“Mold” refers to more than a million species of microscopic fungi. Mold spores are seeds; spores continually travel through indoor and outdoor air, germinating when they land on surfaces with excess moisture and an organic food source. Building materials such as wood, carpet, sheetrock and particle board are likely places for mold growth. Spore germination can happen within 24 to 48 hours, and some spores may remain viable for many years.
Common Indoor Mold Types
Cladosporium is most commonly identified as an outdoor fungus, with high spore count in the summer months. Indoors, it’s usually found on in the fiberglass liner inside air ducts. Its indoor food sources include food, paint and textiles.
Penicillium is most commonly found in carpet, wallpaper and interior fiberglass duct insulation. It’s a relatively wide mold classification. Some species can produce toxins.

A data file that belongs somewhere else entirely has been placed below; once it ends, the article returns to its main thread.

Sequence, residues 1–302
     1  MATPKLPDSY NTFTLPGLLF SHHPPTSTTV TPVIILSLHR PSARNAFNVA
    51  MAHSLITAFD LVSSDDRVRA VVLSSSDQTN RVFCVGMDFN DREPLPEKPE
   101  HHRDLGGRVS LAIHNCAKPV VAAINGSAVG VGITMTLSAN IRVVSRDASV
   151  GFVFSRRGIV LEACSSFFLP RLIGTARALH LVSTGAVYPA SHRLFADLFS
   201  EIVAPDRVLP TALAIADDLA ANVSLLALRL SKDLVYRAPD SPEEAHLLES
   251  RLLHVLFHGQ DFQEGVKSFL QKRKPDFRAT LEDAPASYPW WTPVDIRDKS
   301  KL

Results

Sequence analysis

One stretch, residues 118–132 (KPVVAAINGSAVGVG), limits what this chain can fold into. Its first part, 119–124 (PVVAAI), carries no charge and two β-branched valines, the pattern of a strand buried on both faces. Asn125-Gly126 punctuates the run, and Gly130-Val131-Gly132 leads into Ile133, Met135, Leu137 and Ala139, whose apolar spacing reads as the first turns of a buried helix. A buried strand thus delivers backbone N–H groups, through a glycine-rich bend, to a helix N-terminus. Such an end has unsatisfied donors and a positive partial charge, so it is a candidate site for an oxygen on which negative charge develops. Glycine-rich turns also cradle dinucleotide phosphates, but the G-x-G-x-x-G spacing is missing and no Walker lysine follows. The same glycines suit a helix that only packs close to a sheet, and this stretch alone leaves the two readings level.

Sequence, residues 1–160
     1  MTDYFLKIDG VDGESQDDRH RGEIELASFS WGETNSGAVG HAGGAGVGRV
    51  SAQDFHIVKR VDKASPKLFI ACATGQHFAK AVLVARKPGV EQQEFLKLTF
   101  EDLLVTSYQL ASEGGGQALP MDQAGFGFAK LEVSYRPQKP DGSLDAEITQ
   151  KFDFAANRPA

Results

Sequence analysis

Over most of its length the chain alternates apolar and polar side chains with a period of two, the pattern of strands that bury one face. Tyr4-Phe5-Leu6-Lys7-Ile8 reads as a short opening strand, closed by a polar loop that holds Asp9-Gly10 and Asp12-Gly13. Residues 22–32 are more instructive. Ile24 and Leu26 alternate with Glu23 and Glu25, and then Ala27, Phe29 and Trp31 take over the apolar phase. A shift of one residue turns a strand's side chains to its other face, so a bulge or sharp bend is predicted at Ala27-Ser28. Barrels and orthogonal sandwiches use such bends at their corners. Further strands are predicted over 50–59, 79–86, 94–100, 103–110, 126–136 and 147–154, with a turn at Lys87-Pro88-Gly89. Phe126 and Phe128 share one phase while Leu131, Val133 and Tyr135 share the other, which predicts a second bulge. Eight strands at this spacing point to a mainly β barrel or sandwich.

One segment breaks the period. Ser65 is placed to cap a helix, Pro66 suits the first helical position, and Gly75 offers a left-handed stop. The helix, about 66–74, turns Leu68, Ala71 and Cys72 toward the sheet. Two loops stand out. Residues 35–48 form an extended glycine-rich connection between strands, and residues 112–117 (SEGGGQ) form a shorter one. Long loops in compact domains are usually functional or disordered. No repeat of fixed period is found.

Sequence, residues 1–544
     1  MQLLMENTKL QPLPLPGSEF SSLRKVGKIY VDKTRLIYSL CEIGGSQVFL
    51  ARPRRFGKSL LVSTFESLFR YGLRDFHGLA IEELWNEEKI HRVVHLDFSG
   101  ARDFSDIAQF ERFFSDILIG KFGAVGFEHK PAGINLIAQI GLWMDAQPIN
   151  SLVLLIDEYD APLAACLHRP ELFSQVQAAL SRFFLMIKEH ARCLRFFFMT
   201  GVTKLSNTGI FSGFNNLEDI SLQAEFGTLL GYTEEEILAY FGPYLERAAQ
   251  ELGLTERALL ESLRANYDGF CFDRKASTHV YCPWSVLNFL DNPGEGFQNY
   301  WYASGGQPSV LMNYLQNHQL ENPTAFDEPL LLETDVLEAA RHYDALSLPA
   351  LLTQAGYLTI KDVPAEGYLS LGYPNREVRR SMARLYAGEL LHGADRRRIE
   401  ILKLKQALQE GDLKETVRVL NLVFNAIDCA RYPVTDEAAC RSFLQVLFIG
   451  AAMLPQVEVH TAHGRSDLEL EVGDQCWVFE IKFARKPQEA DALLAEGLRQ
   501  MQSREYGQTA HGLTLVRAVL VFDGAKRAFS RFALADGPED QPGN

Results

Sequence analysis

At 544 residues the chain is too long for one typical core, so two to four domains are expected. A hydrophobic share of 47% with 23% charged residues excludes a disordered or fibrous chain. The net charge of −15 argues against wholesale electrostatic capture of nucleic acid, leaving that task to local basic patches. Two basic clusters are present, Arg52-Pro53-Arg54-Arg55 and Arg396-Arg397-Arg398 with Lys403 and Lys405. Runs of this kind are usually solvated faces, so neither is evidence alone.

Aspergillus is considered to be wholly allergenic and may be parasitic. Depending on the fungus’ food source, some species may produce toxins that may or may not be considered potential human carcinogens.
Strachybotrys chartarum (commonly known as “black mold”), the most deadly form of mold, is relatively rare. Chiefly an indoor fungus, it’s dark-colored (usually greenish-black) and slow-growing, but can be poisonous when inhaled. Even non viable spores are allergenic and toxic.